which prevails in every good home.
Genuine home-making is much more than
what is called housekeeping. Good house-
keeping is a sine dna non of home-making,
but is not sufficient.
In addition to this, successful home-n1ak-
ing requires provision for the culture and
happiness of the family, for the intellectual,
spiritual, and esthetic well-being of the
household. Our department is endeavoring
to develop these principles.
Genuine home-making is an exceedingly
difficult and supremely important undertak-
ing. It is a business, a science, and an art.
It is the greatest of all of the professions.
VVE MADE IT IN INDVS-TRIAL ARTS
The drawing class of the industrial arts
department, under the direction of Mr.
Dygert, has made many perspective draw-
ings this yearg one drawing of the new
school building was produced.
The class in woodwork has made as
projects tables, lamp stands, plant stands,
lamps, broom holders, magazine racks, hall
trees, bird houses, ferneries, pin trays, book
ends, two-tone mallets, which are very
popular, an inlaid checkerboard of maple
and walnut, and scenery for plays."
, T S .I I iz, ' 0 1" 1--, 2 WRX
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Bomme. llifg. 5 iff? ,
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Oh IR'iV'hiiid1' nary tug.
This certainly was poor weather for flying.
I had to fly all night too. You see I was going
to the 1952 airplane show in New York City.
Yes, I said airplane show. Cars were somewhat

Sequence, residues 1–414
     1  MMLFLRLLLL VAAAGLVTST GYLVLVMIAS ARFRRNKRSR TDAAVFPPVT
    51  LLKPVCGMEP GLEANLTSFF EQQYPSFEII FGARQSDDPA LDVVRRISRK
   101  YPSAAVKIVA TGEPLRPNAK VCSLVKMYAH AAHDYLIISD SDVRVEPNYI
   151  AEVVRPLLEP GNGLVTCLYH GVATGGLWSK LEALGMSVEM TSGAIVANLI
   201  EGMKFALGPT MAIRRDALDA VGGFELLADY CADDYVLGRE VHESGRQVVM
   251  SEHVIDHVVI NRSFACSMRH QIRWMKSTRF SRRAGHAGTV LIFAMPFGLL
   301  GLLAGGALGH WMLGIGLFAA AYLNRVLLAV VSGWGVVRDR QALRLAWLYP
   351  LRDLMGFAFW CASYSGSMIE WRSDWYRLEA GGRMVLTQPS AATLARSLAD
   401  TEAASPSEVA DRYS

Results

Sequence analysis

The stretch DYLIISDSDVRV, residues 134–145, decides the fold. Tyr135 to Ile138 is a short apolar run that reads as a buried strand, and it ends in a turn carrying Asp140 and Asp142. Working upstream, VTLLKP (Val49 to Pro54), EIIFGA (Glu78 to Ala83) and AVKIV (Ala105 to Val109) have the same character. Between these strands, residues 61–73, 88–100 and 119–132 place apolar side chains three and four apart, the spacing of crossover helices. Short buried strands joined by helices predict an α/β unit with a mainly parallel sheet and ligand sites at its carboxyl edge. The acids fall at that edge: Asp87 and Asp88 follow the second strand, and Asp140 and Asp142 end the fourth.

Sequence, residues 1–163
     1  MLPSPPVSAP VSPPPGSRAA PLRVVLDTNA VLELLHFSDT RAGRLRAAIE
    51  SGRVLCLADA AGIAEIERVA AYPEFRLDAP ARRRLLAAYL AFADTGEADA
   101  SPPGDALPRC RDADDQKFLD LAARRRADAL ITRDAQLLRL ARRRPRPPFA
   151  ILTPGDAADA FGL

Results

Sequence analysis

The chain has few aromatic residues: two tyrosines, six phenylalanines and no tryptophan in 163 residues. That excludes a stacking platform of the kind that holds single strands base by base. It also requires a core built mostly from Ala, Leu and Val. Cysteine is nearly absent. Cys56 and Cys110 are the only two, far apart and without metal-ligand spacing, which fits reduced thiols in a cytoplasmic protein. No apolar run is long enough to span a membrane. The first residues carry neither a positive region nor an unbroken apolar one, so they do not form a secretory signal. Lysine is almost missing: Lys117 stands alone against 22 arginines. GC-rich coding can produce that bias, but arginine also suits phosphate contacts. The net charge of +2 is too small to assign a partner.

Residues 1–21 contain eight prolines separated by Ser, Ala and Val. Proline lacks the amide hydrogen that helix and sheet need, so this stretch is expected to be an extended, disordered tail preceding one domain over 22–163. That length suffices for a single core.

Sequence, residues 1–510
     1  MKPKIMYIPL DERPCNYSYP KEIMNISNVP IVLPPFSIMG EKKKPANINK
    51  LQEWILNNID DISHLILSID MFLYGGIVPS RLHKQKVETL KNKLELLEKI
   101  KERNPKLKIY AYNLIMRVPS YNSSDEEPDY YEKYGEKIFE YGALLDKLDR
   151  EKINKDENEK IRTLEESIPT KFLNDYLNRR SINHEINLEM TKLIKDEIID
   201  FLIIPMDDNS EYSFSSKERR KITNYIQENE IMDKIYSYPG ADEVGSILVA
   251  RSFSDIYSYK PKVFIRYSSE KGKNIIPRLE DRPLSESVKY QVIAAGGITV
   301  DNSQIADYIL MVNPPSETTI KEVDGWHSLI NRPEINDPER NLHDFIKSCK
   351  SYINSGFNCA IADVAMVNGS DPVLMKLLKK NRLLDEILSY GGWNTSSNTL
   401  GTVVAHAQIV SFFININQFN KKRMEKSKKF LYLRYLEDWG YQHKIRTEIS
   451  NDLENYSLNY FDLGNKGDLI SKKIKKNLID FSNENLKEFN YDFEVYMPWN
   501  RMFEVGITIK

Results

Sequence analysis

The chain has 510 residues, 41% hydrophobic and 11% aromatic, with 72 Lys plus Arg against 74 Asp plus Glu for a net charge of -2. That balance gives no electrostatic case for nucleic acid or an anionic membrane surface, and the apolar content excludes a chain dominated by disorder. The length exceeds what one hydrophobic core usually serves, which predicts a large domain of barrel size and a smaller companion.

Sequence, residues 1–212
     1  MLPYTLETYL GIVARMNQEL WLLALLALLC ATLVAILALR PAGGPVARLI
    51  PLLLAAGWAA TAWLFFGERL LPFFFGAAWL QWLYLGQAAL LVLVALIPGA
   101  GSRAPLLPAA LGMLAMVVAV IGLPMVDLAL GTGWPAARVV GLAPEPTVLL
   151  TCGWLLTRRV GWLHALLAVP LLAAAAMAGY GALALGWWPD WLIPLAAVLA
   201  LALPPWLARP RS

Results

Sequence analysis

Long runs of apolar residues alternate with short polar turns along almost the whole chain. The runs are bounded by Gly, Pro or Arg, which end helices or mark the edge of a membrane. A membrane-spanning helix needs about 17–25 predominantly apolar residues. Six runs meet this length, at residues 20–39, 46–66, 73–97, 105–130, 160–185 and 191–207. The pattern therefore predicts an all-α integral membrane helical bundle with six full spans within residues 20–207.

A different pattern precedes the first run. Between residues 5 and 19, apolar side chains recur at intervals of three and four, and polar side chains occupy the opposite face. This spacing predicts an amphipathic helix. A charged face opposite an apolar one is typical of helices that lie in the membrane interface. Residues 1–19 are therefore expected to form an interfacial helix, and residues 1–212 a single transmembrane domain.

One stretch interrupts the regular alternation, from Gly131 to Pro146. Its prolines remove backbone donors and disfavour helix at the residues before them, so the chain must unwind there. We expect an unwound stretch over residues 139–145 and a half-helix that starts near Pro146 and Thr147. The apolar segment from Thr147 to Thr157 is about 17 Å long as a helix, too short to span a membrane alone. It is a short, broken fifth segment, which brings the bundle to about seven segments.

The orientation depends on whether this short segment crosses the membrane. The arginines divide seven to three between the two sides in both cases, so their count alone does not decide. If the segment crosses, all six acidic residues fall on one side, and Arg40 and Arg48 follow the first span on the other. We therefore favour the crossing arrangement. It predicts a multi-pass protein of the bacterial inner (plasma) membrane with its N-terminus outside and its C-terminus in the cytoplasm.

out of date at the time although they were still
I wish the pilot of the plane coming toward
me would get over on his own side of the air-
way. Hey! what was he trying to do! Crash!!
He made a left turn without giving me warn-
ing and of course he ran right into me. Planes
had safety devices, the use of which enabled
the pilots to glide to a safe landing. Luckily
there was an ariport near and we landed safe-
ly on the good old "terra fll'II18" of this port.
I got out of my plane all ready to tell the oth-
er pilot what a terrible driver he was, but when
he walked over to my plane humbly to beg 1ny
pardon. who should he be but that big "bug" of
a Hug Dole. Excuse me. you didn't know he
was a big "bug" did you? He happened to be
editor of the New York Times and several of
the best magazines of the day.
VVe hurried into the airport diner to wait
while our planes were being 1'epaired. We took
a table near the door and waited to be served.
The waitress hurried up to our table with the
menu and who should she be but Bonnie Munn.
She and her husband, Arthur Goodrich, were
running the airport and diner.
Bug and I ordered, finished our lunch, and
then he began to tell me about all the class of
"Of course you know where Harry Hull is?"
'tYes," I replied. "I wonder how Harry's
making out as United States ambassador to
"Very well, I believe," answered Bug.
"Do you ever hear from Jim McKillen?" I
"Oh, yes, he and Margaret Wilson are mar-
ried and living in Indianapolis. They have two
children. .lim's in charge of some airplane tire
"How about Elyda Chaudoin? What became
"That's funny," replied Bug. "You know I
ran into her yesterday. She has an exclusive
dress shop in New York City."
"And where's Winifred Robertson?"
"She's one of my star-reporters. She is
known in the city as one of the best women
.lust then the large passenger plane landed
and many of the passengers came into the diner
for something to eat, and last but not least
among them came Joe Elmer. He was pitching
for the "Cubs," We learned from Joe that
Gertrude Young and George Goudy were be-
coming very famous in the South as the dance
team "Jerry and Larry." Joe said the pilot
and hostess were coming right in and he invited
them to eat with him as they were old friends
of his. So Joe sat down at our table to wait
for his friends. They came in very soon. and
much to Bugs and my surprise they were
Wayne Aldrich and Jane Beaver. They too
sat down with us and XVayne began to tell uS
about the people he had seen lately that were